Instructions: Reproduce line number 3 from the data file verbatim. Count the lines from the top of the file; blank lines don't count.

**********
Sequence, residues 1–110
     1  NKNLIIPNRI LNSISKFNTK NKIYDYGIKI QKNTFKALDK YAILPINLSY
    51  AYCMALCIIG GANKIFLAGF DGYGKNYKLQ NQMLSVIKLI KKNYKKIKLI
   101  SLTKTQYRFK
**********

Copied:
    51  AYCMALCIIG GANKIFLAGF DGYGKNYKLQ NQMLSVIKLI KKNYKKIKLI